How to Make Readers Fall in Love with Your Story

Posted on Feb 14, 2018


Roses are red, violets are blue. How can you make readers fall for you?

We all want to win readers over. But sending a dozen roses out with each copy of the magazine—while thoughtful—isn’t practical. A box of chocolates or candy hearts won’t work, either. How can you spark true love between readers and your stories?

To answer this burning question, we tapped our resident love (of words) experts. Our assistant editors offer four tried-and-true ways to help readers fall in love with your stories.

 

Move Readers

Assistant Editor Pam Blair

“I want to be emotionally moved by every story I read,” says Assistant Editor Pam Blair. “That is best done when the story is told through the experiences and voice of a person.”

One of Pam’s all-time favorite stories, Committed to the Herd, shares the story of retired circus elephants. Marcy Chapman’s feature uses vivid imagery guided by the voice of Janice Aria, a veteran Ringling Bros. Circus clown and featured performer in an elephant act.

Pam says Kathy Sympson’s feature, Bodybuilder Fit for Life, does a nice job of helping the reader get to know the subject, Reinhard Swolana. The story is paced at a Germanic clip to match the subject’s stride, moving with Reinhard as he learns how to train, racks up bodybuilding titles, and inspires a new set of weightlifters.

“I smile when I feel like I really got to know the person behind the story, particularly what inspires him or her,” says Pam.

 

Profile a Lovely Cause

Assistant Editor Jennifer Brown

Want to win over Assistant Editor Jennifer Brown? Find a cause readers can join.

“Stories that move me to get involved in a cause always make me smile,” says Jennifer. “When I see how community-involved our readers are—and the scope of the programs they participate in—I want to get involved, too.”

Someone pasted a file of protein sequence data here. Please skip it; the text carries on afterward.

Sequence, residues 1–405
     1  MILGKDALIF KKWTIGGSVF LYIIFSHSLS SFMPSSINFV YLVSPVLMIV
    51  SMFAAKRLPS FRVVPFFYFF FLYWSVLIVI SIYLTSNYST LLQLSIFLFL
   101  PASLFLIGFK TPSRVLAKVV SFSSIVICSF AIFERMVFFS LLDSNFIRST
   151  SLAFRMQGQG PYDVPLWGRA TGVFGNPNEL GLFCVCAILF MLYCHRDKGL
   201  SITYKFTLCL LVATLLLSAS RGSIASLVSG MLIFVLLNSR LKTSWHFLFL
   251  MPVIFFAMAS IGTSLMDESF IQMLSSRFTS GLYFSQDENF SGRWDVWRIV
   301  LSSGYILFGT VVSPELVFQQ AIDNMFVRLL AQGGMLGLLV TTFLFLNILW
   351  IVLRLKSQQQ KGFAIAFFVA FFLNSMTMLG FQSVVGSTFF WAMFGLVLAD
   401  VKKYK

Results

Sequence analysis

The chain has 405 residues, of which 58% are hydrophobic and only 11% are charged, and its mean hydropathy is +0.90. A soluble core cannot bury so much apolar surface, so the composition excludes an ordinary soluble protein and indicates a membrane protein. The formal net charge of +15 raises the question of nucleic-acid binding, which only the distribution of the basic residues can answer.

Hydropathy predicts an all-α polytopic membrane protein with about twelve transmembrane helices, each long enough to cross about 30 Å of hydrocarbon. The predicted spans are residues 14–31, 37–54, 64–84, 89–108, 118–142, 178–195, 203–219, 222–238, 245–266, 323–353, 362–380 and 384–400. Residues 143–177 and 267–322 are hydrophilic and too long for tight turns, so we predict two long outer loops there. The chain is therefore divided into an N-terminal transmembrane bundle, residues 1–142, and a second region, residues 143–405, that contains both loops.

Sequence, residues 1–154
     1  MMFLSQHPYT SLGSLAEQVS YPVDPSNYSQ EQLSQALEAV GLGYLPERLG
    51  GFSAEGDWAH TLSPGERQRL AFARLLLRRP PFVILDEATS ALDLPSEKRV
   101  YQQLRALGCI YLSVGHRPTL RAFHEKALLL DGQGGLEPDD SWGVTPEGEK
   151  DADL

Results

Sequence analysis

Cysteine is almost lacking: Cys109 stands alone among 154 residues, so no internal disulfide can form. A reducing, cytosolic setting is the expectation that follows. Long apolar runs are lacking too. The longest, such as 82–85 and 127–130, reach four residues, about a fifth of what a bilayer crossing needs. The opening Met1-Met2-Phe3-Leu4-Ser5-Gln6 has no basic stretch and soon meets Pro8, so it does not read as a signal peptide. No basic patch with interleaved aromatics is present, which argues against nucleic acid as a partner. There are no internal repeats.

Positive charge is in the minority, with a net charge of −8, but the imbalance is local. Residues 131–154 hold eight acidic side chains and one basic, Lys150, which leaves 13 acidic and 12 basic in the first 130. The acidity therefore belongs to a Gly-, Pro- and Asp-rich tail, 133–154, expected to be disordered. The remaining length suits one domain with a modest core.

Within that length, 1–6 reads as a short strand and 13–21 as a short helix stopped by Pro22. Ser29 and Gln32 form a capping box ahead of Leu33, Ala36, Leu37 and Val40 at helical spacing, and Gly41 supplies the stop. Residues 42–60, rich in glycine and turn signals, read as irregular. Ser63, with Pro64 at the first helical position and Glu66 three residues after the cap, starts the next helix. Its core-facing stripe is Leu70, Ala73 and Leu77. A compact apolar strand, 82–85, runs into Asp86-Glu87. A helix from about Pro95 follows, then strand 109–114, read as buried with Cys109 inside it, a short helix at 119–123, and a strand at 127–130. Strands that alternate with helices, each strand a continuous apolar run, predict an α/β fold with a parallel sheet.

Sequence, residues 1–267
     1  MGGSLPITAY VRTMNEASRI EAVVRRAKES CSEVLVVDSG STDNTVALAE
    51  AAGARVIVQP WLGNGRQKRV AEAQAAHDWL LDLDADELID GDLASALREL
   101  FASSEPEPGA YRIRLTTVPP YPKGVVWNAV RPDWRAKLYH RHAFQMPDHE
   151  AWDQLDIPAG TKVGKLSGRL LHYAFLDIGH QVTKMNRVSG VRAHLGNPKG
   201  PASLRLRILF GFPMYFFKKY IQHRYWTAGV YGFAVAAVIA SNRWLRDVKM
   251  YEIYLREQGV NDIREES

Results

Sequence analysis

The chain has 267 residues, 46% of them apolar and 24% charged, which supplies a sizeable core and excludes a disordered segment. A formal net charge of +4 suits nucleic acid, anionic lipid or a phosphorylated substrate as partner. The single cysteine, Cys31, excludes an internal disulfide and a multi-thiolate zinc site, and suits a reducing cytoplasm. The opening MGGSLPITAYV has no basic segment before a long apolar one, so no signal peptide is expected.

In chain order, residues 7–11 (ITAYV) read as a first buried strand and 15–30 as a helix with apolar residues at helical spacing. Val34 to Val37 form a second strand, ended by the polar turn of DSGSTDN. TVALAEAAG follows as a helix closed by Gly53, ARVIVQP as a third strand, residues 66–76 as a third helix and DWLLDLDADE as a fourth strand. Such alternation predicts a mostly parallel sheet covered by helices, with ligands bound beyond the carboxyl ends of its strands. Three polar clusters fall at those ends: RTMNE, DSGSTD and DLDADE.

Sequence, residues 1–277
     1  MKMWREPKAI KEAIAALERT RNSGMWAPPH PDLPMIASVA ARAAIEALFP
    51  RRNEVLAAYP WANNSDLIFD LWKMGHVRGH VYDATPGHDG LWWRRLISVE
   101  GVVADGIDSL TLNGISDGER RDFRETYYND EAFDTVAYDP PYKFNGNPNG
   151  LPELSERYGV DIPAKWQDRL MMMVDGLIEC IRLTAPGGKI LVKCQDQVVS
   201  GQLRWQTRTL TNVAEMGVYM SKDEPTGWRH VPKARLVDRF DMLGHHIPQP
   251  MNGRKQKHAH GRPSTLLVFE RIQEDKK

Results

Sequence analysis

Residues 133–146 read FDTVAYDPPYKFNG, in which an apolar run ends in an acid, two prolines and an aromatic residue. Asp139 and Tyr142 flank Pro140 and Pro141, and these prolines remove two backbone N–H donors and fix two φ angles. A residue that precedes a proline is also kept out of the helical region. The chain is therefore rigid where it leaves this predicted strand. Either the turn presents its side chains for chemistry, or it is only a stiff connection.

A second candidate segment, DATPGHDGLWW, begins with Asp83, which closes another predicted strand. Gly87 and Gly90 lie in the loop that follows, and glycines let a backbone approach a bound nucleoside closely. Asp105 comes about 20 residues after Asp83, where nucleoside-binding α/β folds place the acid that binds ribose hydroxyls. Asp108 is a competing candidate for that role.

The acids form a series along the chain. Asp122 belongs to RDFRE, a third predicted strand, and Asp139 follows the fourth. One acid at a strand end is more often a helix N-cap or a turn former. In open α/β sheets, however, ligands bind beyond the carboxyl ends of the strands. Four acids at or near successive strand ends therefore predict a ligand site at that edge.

A recent example is Scott Laird’s feature, Connecting with the Community, Helping Children. The article shares how a local Kiwanis chapter works with children in the community. Readers are encouraged to join the club and make a difference, too.

“Granted, what strikes a chord varies based on the reader,” says Jennifer. “But there are many causes looking for support. Find (and share) a cause that excites you, and you are bound to attract readers who share your excitement.”

 

Catch the Moment

Assistant Editor Mike Teegarden

Love at first sight. That’s the goal for Assistant Editor Mike Teegarden, an avid photographer.

“A great photo always wins me over,” says Mike. “I love interesting faces etched with beautiful light. Or exciting action frozen at its peak. But the best is a photo that makes me care about the person in the photo at just a glance.”

Craig Reed captures this challenge with a trio of pictures in his 2017 feature, Pounding Steel.

Craig Reed used two detail shots and a profile of his subject at work to draw readers into the story.

Pam Spettel’s profile of artist Mary Lou Goertzen uses a full-page shot of the subject to catch readers and draw them in. Natural light fills Mary Lou’s face, while a warm orange glow from a wood stove in the background adds depth and history to the composition.

Pam Spettel’s profile of artist Mary Lou Goertzen uses light to draw readers to the subject.

Mike says the best pictures come from being in the moment with a story. He illustrates this with two pictures he shot for Nancy Jorgensen’s feature, An Emotional Journey.

Mike Teegarden’s emotion-packed pictures show the importance of shooting a story as it happens, not after the fact.

“The picture of the woman listening to the vet tell his story gets me every time, as does the one of the vet being greeted at the airport,” says Mike. “The images speak to the advantage of actually being at an event rather than telling the story after the fact. You can’t get those photos without being close to the story.”

 

Give Features Time for Love

Assistant Editor Brandon Pomrenke

Our editors could use some love, too. Skip the Valentine this year. The true way to an editor’s heart is meeting deadlines. Each editor is a Casanova, of sorts, working their magic across several sets of local pages.

“We all have multiple editions, which means page builds, projects and general customer service to make sure we’re taking care of our members,” says Assistant Editor Brandon Pomrenke. “If half of our features come in late or incomplete, we lose time to help those stories shine.”

Give your stories the time they deserve—and get some extra editorial love of your own!—by keeping features on time.

 

Share Your Heart-Winning Approach

What’s your reader love potion recipe? Add your favorite writing and photography tips below. Happy Valentine’s Day!

 

 

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